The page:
>I imagine your generalization that all
>of the protestors don't care about their
>goal is pretty vacuous though.
I thought I was pretty clear that I did believe that there was a small minority who actually believe and know what they believe in. The rest I believe are simply along for the ride.
1) Much like you, I can't really debate this subject with any degree of authority but my assumptions in my original statement were that:
- Democracy is usually attributed to the Greeks which would make it a "Western" concept.
- Most of what we refer to today as "laws" are based on common laws originated/formalized by the English.
Is it possible the the Incas had some sense of democratic institutions or some form of legal system? Sure, but since the ideals were mostly developed and propogated by the West (think: Roman Empire, British Empire, Spanish Empire, etc. as well as those who came and studied these concepts before returning to thier homelands) I would call them Western in nature. Like I said, I can't really debate you on whether some civilization 5000 years ago had laws or whatever but I think my generalization on this is widely enough understood that I didn't think I would have to.
2) No actually that was not my point at all but rather your reading of it because you do not agree with my original premise. I doubt the G8 or the WTO or whoever cares about freedom of speech or is trying to bring it to any of these countries. I'm simply stating that if these meetings were happening in some of these countries, many of these protesters would have "disappeared". Police would have come in the night, taken them out to some remote area and put a bullet in the back of their heads. For good measure they might have even cut off their heads and stuck them on poles outside the hotels where other protesters are staying. And that was what I found to ironic in my original post. They have to protest in countries that actually respect and practice Western forms of democracy and law otherwise this movement would be very short lived (or the protesters themselves would be very short lived, one of the two).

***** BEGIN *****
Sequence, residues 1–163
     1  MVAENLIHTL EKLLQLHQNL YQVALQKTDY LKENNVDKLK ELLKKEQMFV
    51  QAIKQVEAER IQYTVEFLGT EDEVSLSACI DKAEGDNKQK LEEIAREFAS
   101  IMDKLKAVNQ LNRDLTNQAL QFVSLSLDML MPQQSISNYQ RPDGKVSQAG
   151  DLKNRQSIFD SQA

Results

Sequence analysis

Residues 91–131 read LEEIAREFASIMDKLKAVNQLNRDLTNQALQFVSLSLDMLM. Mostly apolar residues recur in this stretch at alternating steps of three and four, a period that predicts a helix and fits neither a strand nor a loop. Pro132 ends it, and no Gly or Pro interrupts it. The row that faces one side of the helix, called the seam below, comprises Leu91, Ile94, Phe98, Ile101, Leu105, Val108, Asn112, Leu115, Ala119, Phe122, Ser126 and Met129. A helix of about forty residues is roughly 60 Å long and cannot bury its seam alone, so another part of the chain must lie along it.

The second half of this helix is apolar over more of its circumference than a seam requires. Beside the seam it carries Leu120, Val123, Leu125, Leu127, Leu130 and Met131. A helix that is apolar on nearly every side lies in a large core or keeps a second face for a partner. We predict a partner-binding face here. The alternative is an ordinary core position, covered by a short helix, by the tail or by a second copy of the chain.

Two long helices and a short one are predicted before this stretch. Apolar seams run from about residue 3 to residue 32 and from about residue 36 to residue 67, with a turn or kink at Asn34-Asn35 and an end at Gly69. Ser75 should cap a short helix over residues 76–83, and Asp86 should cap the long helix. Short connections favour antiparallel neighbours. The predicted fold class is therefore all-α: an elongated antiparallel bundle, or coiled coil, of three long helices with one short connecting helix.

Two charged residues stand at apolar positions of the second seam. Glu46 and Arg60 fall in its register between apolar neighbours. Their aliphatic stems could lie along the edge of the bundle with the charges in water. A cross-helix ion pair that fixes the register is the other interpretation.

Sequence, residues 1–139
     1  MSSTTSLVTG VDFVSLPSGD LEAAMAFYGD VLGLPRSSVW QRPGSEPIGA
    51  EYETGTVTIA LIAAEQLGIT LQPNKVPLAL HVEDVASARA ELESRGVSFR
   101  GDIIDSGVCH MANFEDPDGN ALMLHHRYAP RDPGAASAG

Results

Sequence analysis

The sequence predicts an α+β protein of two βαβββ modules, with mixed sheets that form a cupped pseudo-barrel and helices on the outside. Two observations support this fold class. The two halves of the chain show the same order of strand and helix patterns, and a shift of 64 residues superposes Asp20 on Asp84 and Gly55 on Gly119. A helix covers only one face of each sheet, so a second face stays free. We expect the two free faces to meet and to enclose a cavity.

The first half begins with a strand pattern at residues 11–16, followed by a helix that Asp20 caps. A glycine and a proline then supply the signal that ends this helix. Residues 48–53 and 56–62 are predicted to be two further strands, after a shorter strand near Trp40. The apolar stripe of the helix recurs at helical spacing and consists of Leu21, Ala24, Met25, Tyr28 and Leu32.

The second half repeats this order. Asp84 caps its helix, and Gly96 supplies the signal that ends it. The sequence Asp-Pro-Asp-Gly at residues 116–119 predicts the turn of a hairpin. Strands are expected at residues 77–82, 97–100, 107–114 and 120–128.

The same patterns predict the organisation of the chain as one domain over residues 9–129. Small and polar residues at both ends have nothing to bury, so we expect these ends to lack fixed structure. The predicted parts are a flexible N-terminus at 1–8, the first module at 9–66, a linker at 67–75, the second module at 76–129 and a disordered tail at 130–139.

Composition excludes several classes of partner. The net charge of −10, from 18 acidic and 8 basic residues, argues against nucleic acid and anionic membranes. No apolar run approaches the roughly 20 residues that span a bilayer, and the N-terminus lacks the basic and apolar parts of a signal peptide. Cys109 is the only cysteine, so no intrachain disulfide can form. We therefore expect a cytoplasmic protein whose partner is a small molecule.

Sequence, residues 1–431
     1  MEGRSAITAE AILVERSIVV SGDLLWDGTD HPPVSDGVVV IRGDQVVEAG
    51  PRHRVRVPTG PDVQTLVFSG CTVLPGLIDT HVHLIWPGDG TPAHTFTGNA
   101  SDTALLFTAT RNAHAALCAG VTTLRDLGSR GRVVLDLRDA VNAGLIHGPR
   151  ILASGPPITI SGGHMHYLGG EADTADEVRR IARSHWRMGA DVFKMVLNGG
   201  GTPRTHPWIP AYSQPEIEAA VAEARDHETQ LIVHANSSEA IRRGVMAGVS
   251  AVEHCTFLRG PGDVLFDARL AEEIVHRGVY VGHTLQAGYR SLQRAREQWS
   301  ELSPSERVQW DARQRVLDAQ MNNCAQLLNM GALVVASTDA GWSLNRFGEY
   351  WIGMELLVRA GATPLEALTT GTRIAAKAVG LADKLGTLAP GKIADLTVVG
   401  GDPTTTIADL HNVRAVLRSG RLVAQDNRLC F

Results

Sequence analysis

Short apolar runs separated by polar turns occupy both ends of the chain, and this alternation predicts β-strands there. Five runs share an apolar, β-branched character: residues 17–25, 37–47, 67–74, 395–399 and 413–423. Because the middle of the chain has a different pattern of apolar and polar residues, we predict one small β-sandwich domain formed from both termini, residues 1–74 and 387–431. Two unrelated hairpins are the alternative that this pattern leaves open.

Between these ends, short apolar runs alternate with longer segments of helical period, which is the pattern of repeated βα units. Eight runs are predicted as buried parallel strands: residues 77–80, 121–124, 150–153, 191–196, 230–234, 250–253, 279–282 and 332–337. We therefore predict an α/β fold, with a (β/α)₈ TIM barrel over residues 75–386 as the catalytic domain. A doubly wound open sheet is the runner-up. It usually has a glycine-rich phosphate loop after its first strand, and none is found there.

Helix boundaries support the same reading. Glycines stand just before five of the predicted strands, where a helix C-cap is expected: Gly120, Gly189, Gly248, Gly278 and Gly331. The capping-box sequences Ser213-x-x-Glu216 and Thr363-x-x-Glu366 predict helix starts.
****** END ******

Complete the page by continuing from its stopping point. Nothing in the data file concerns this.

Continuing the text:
3) The point I was trying to make regarding Kent State is that just because the cause seems noble does not mean that everyone believes in it for the same reasons. To address your point though, yes bad things happen. Bad things will always happen. That's called life. Some kid in the National Gaurd who drinks beer all weekend while dressed in a military uniform and calls that training can and sometimes will freak out. Have you ever been in a riot or a violent protest? It's friggin scary. For both sides. It's loud, noisy, it's very confusing, and if you're some undertrained National Guardsman, you are probably in fear of your life. So, given those circumstances, yes, under any rule of law, if can get real ugly, real fast.
I find it funny to call my comments an ad hominem but tell me how something that happened 30 years ago is somehow relevent with what just happened in Genoa other than when you scare the sh*t out of someone with a gun, the chances for bad stuff happening go up astronomically.
4) Not exactly sure I'm willing to take biased news reports and statements as proof of anything. I'm not shutting my mind to the fact that some of what they say is true but I would rather it come from an slightly less biased source. Despite that, the point is that all in all, the actual ELECTED/APPOINTED representatives from those countries probably are not advocates of the violence. It is probably doing their cause more harm than good because they are seen as allied with radical groups prone to violence. Given a choice, I'm sure they would much rather have peaceful protests while that raised public awareness while they sought legal avenues to remedy the situation.
I think you may have missed my point on Greenpeace (which was probably my fault for not being more clear). Greenpeace is above all else, a money raising organization. They raise money. Then they use that money to fight for what they believe in. But raising money is first because without the money they can't fight. So, while they may believe in whaling limits, throwing blood on the Japaneese delegate in front of the world press brings in millions of dollars from supporters. Even if being barred from the proceedings and pissing off one of the world's biggest offenders right as many on the commission felt he was ready to make some concessions may set the cause back, it brings in millions in funding and huge public support. Now this is not unique to Greenpeace, I think every major political party practices it. It's just that you have to look at what kinds of things would actually bring change. Do you really believe radicals throwing fire extinguishers and destroying shops is going to get these protesters any sort of real attention from the G8? Or do you think if they would have put that energy into raising public awareness via peaceful protests and passionate debate they would be on a better path? Right now, the only money these groups are going to be able to attract is from people with radical viewpoints who will further the radical actions at future events until their is actually a call to crack down on the protesters. Until there is widespread hatred and condemnation of them. So are they furthering their goals or are they simply seeking their 15 minutes of fame but ultimately dooming their cause? I think the later which is sad because I do feel they have some valid points to make.
[ Parent ]